- The Washington Times - Sunday, October 30, 2005

The federal government, citing privacy concerns for patients, has informed the District that it can no longer operate a ride-along program that allows the public to observe medics at work on fire engines and ambulances.

The decision, the first of its kind, will likely have far-reaching consequences for municipal fire departments that allow journalists and elected officials, as well as the public, to oversee a critical taxpayer function.

The directive was issued Oct. 11 from the Office of Civil Rights Region 3, a division of the U.S. Department of Health and Human Services.

It asks the District to either scrap its ride-along program within 30 days or submit plans to alter the existing program. However, the language of the letter leaves little room for creating a program in compliance with privacy laws.

According to the letter, “disclosures of protected health information to persons other than health care providers, as would occur in the context of a ride-along program, would require an authorization of the individual or their personal representative.”

The letter also states: “The fact that [the D.C. Fire and Emergency Medical Services Department] has no way of knowing in advance which individuals will be treated or transported effectively precludes obtaining prior authorization of disclosure.”

An official with HHS could not discuss whether the letter was meant to set a national precedent, but said it was part of an investigation into whether the District violated the provisions of the Health Insurance Portability and Accountability Act.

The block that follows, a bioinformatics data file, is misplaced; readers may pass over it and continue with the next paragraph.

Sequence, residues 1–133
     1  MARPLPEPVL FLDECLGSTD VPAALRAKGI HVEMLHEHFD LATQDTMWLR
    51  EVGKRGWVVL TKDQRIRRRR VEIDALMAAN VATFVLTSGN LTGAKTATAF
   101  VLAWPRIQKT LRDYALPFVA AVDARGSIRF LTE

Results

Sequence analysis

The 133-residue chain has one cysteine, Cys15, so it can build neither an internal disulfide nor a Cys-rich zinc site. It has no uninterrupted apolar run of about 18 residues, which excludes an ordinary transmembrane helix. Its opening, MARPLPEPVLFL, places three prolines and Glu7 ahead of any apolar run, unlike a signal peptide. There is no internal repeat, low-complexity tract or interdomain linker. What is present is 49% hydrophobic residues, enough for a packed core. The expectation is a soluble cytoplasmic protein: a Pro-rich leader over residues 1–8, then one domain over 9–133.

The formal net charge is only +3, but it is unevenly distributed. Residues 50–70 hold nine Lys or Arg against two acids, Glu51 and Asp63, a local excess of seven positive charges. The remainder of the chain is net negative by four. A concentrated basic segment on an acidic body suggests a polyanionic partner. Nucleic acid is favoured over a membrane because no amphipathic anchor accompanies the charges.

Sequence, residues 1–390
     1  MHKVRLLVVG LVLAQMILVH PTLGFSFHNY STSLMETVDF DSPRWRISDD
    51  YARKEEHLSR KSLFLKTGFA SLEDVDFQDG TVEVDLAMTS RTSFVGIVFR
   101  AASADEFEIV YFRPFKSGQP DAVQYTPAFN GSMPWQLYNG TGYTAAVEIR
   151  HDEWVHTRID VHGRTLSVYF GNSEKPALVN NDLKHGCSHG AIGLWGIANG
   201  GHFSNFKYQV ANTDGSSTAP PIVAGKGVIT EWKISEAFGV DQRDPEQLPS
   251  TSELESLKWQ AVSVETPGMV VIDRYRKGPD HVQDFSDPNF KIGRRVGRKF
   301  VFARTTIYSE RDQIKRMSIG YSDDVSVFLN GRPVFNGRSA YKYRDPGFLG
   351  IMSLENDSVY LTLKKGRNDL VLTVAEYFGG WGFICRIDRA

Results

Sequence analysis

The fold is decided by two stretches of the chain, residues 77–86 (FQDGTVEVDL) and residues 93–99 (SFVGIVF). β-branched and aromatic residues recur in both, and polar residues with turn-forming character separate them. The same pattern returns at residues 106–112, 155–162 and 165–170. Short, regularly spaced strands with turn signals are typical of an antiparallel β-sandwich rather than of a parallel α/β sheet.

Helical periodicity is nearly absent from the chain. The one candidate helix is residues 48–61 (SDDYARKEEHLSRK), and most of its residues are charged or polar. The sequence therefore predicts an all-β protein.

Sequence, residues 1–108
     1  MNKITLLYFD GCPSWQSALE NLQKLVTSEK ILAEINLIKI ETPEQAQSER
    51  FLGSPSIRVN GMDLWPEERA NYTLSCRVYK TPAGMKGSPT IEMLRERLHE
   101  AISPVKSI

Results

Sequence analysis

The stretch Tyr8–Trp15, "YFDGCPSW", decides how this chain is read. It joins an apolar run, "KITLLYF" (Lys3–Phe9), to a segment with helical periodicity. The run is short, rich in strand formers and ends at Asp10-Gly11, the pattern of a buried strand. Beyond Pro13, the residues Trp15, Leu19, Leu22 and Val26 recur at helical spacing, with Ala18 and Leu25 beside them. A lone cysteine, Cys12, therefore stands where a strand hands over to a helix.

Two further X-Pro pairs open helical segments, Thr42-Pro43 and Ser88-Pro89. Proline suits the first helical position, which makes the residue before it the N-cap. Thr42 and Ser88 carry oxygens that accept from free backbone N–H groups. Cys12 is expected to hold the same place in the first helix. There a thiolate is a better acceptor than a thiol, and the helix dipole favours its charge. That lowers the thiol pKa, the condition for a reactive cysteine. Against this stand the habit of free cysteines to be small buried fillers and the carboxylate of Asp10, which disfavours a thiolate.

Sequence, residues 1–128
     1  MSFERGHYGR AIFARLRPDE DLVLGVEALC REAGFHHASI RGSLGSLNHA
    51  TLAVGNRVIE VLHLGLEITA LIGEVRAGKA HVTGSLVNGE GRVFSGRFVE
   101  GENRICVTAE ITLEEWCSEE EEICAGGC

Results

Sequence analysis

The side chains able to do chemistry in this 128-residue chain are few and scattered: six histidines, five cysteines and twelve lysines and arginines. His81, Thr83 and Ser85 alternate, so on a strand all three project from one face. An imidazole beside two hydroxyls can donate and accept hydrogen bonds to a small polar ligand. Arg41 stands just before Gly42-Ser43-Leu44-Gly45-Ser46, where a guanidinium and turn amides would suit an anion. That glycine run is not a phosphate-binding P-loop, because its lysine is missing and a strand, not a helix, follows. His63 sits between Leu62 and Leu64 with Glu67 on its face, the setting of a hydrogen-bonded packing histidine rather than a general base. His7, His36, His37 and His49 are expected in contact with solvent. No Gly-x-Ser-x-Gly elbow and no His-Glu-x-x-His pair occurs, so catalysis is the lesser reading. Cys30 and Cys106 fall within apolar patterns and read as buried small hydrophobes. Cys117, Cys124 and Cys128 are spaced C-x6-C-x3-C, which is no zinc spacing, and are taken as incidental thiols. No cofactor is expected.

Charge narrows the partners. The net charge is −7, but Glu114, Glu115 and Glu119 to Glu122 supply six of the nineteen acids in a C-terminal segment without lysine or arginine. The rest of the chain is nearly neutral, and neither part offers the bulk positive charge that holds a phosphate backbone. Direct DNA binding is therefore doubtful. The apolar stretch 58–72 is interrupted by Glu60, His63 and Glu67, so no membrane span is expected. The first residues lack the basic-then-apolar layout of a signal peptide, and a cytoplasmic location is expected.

The official said there are several exceptions to the act that allow patients’ information to be disclosed without their consent, including oversight by a public health agency, for victims of domestic violence and disclosures to the courts.

He also said the ban did not apply to interns or trainees in the health care profession, but that the privacy rule contains no exceptions for elected officials or the public at large in an oversight capacity.

The official said that instead of issuing a mandate, the process of prohibiting ride-alongs is “complaint-driven” and that complaints can be filed by anyone, not just a patient.

The International Association of Fire Chiefs said it was not aware of other jurisdictions in which ride-alongs had been prohibited.

The decision stems from a complaint filed with the Office of Civil Rights about apparent privacy violations in a June 18 article in the Washington City Paper. The article had vignettes from a reporter’s ride-along with the crew of Engine 10 in Northeast as they responded to a medical calls and included the names and medical conditions of several patients. Eric Wemple, editor of the City Paper, did not return a call seeking comment.

Fire department spokesman Alan Etter said the reporter got the names directly from the patients and that firefighters violated no privacy rules. He said the fire department’s understanding of the letter is that it is in violation for allowing the reporter to have access.

Fire Chief Adrian H. Thompson said he is still analyzing the directive, but the program has recently been revamped and reconstituted based on the act’s requirements.

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